USB Detects HIV in 20 Minutes

In a world with iCloud and other storage options, USBs have somewhat taken a back seat. But a new test for the human immunodeficiency virus (HIV) could put them back in the spotlight.

In a world with iCloud and other storage options, USBs have somewhat taken a back seat. But a new test for the human immunodeficiency virus (HIV) could put them back in the spotlight.

Researchers from Imperial College London and DNA Electronics (DNAe) developed a USB device that can detect HIV with 95% accuracy.

“We have taken the job done by this equipment, which is the size of a large photocopier and shrunk it down to a USB chip,” senior author, Graham Cooke, a clinician scientist, said in a news release.

It works by placing a blood sample on the USB stick which then, using a mobile phone chip, shows a change in acidity if the virus is present. When that happens, it creates an electrical signal that can be read on a computer or other supported devices, as described in Scientific Reports.

Right now, HIV tests take at least three days — in part due to sending physical blood samples to labs. But in some parts of the world, there is no readily available testing. The team screened 991 blood samples (164 tested on the USB) and found that the device detected the virus much faster. In samples with >1000 copies RNA, the median time was 20.8 minutes.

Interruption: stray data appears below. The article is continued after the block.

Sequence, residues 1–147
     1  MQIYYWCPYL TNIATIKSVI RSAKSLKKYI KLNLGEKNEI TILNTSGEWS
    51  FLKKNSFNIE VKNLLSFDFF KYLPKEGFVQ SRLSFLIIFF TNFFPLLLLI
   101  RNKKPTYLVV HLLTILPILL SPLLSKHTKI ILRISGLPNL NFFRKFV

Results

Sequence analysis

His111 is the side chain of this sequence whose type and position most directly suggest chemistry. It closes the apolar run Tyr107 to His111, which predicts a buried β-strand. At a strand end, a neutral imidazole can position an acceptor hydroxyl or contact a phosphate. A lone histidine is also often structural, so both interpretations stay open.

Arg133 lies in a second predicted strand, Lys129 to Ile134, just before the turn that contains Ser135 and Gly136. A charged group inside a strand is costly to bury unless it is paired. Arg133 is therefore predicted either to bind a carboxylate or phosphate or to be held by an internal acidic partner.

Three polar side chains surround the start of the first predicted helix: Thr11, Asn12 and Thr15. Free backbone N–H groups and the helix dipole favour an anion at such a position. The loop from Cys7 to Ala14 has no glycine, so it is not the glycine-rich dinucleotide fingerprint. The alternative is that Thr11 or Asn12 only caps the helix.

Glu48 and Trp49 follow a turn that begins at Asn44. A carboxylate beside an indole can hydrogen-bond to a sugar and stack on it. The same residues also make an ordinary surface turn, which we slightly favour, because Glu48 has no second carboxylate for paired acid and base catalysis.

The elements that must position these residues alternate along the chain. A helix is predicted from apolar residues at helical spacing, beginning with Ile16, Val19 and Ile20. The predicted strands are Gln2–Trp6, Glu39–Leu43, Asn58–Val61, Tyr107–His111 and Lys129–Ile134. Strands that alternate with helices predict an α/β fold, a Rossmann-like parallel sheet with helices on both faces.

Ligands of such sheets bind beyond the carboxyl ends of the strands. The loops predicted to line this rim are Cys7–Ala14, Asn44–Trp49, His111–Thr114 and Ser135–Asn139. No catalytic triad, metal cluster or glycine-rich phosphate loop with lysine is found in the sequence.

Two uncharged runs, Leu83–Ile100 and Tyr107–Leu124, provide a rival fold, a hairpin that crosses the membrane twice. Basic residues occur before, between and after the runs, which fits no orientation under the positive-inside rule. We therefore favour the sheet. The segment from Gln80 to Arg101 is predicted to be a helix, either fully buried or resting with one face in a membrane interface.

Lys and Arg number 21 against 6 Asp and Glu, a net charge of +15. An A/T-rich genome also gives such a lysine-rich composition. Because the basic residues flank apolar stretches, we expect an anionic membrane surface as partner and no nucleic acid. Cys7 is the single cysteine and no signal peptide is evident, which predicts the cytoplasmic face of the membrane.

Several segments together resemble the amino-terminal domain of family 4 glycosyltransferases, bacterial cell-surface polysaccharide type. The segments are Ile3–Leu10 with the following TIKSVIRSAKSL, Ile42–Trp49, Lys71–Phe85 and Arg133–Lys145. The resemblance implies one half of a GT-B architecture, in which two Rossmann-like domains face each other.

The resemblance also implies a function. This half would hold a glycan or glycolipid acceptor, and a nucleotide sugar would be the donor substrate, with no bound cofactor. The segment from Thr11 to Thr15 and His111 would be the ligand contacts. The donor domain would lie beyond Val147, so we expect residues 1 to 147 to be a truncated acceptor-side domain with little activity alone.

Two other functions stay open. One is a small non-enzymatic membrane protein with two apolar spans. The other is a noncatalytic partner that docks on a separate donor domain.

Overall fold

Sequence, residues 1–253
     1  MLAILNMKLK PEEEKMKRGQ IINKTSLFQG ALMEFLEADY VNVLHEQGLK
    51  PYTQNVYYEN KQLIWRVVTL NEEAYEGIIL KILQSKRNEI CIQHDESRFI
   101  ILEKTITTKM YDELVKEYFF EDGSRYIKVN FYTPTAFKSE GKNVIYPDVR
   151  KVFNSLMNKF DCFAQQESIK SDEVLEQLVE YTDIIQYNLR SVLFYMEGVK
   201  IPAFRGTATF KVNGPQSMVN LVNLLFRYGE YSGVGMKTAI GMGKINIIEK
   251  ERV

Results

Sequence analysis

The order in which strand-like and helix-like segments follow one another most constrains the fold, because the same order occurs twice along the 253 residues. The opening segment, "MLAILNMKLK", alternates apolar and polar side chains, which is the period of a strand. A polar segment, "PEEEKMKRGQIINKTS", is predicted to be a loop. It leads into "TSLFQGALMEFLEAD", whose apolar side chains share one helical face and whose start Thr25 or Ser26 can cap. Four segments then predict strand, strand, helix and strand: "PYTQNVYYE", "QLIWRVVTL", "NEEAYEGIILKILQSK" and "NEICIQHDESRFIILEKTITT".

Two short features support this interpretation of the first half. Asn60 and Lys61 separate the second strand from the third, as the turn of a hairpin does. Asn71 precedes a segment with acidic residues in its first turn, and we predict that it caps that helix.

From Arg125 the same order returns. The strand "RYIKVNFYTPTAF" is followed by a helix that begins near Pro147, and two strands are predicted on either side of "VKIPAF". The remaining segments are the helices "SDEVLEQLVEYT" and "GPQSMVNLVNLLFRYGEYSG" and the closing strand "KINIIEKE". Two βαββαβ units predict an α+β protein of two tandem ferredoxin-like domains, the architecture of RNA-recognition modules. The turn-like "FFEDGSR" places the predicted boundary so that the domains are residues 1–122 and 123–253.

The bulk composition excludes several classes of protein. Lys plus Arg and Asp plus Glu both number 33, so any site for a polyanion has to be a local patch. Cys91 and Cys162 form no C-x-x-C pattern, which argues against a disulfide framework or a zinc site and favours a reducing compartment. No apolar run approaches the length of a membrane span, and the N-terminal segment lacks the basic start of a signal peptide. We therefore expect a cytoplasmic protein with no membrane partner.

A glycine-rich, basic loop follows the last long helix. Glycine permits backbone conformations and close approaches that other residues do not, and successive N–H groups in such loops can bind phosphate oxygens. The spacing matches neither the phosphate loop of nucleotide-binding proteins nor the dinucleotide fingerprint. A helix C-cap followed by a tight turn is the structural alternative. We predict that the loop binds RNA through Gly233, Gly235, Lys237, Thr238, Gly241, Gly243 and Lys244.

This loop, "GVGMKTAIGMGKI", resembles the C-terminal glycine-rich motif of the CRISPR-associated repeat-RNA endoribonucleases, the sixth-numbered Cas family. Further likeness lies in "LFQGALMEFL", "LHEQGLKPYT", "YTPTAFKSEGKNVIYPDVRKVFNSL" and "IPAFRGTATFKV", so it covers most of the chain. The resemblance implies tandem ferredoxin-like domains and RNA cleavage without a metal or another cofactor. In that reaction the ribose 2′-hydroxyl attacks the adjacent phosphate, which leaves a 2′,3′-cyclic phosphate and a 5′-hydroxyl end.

In addition to detecting HIV, the device could be used by patients to monitor their treatment progress. Current routine HIV tests only detect the virus, not viral levels. So with further development, the USB has the potential to provide that opportunity to patients.

“This is a great example of how this new analysis technology has the potential to transform how patients with HIV are treated by providing a fast, accurate, and portable solution,” said Chris Toumazou, PhD, BSc, founder of DNAe and executive chairman and Regius professor at Imperial.

But HIV is only the beginning. The researchers are testing if the device can be used to accurately detect and other viruses.

We wondered if could make a test to detect #HIV virus on a USB stick. With the help of @dna_electronics, yes we can https://t.co/yS6ldNNGW2

— Graham Cooke (@grahamscooke) November 10, 2016

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